Is it illegal to splash someone with my car?
Driving in and out of work on rainy days, and seeing people on the pavement dodging out of the way of cars splashing puddles at them made us wonder, is it illegal to splash a pedestrian when driving?
02 October 2015
The simplest answer is yes. Yes it is illegal to splash a pedestrian with water from the road whilst driving your car. And you can get a fixed penalty notice for doing so. In a few cases people have been handed tickets for public order offences after deliberately driving through puddles to target pedestrians.
What other UK driving laws should I be aware of?
It is illegal to toot your horn in anger or frustration. Your horn is there to alert other drivers to your presence, not to show how annoyed you are at someone else’s driving. You also can’t sound your horn between 11.30pm and 7am unless in an emergency situation.
If you break down on the motorway you must leave your pet in the car. The rules of the road state that if you break down on any road you should exit your vehicle in case another car hits yours. But if you’re on a motorway you must leave your beloved pooch in the car.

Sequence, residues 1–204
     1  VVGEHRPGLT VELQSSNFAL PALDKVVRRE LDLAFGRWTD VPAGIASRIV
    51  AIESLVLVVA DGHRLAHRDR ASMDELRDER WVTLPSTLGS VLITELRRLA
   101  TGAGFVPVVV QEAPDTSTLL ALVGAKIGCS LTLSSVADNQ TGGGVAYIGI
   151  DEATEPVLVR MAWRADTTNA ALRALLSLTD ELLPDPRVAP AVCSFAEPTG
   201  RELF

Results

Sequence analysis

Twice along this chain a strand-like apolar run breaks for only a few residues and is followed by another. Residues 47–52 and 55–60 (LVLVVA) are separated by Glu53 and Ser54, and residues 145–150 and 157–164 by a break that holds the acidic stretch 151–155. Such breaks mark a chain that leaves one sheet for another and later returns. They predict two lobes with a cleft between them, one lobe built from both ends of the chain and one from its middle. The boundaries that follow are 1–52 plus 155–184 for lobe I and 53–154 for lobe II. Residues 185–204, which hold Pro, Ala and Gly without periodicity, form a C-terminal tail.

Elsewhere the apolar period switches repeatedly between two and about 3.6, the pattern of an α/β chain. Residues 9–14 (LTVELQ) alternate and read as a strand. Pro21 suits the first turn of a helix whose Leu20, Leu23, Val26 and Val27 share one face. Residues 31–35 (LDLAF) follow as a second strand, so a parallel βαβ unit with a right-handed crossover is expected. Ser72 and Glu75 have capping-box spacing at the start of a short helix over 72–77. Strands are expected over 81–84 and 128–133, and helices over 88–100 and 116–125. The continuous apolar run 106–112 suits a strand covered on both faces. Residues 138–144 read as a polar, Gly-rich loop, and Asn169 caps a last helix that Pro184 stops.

It is illegal to have a dirty number plate. You must keep your number plate sparkling clean, or somewhere near, as you can be fined up to £1,000 if your registration can’t be read. You must also make sure that your number plate is up to the legal standards, so no fun fonts or different colours.
And finally, from October 2015, it is now illegal to smoke in your car if any passenger is under 18. As the driver, you are responsible for your passengers so even if you’re not smoking, but another passenger is, and there’s an under 18 in the car with you, you will be fined.
Most of these offences seem relatively mild, but they shouldn’t be forgotten. If the police stop you for any of them you will either get a fixed penalty notice or be prosecuted if your actions are deemed dangerous.
If you have been pulled over by the police for something you believe isn’t your fault, or there are mitigating circumstances, you will need advice from a professional . Slater and Gordon have an experienced team of lawyers who can help.
All information was correct at the time of publication.